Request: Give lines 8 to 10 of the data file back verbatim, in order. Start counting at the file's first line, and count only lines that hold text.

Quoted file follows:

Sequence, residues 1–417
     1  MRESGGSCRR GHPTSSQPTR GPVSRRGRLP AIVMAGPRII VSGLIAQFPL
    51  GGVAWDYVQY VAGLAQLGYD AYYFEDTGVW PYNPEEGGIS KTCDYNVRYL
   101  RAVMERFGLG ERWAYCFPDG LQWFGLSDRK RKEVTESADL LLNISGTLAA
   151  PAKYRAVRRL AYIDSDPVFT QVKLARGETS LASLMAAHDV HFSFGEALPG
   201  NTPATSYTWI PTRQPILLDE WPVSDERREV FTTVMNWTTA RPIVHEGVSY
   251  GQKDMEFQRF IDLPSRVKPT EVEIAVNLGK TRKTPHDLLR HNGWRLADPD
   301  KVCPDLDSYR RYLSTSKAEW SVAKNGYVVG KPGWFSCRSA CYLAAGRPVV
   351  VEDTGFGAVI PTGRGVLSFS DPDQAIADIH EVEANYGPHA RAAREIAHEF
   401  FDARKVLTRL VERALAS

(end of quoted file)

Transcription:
   301  KVCPDLDSYR RYLSTSKAEW SVAKNGYVVG KPGWFSCRSA CYLAAGRPVV
   351  VEDTGFGAVI PTGRGVLSFS DPDQAIADIH EVEANYGPHA RAAREIAHEF
   401  FDARKVLTRL VERALAS